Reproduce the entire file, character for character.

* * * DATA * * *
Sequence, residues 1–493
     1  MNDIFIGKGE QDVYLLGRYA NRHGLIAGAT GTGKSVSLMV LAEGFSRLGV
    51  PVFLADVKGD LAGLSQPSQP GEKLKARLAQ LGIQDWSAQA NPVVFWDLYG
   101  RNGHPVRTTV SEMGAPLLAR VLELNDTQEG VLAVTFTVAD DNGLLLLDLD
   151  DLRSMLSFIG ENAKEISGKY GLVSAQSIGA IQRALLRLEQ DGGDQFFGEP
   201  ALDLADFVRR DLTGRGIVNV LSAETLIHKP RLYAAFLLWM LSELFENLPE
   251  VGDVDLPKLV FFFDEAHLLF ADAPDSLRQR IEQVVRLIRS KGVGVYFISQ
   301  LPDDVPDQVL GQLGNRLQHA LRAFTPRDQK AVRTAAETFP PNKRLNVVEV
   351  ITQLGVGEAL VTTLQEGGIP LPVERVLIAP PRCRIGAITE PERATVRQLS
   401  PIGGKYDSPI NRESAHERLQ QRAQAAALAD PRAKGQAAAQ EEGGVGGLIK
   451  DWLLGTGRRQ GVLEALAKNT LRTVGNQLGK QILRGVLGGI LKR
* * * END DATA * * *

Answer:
Sequence, residues 1–493
     1  MNDIFIGKGE QDVYLLGRYA NRHGLIAGAT GTGKSVSLMV LAEGFSRLGV
    51  PVFLADVKGD LAGLSQPSQP GEKLKARLAQ LGIQDWSAQA NPVVFWDLYG
   101  RNGHPVRTTV SEMGAPLLAR VLELNDTQEG VLAVTFTVAD DNGLLLLDLD
   151  DLRSMLSFIG ENAKEISGKY GLVSAQSIGA IQRALLRLEQ DGGDQFFGEP
   201  ALDLADFVRR DLTGRGIVNV LSAETLIHKP RLYAAFLLWM LSELFENLPE
   251  VGDVDLPKLV FFFDEAHLLF ADAPDSLRQR IEQVVRLIRS KGVGVYFISQ
   301  LPDDVPDQVL GQLGNRLQHA LRAFTPRDQK AVRTAAETFP PNKRLNVVEV
   351  ITQLGVGEAL VTTLQEGGIP LPVERVLIAP PRCRIGAITE PERATVRQLS
   401  PIGGKYDSPI NRESAHERLQ QRAQAAALAD PRAKGQAAAQ EEGGVGGLIK
   451  DWLLGTGRRQ GVLEALAKNT LRTVGNQLGK QILRGVLGGI LKR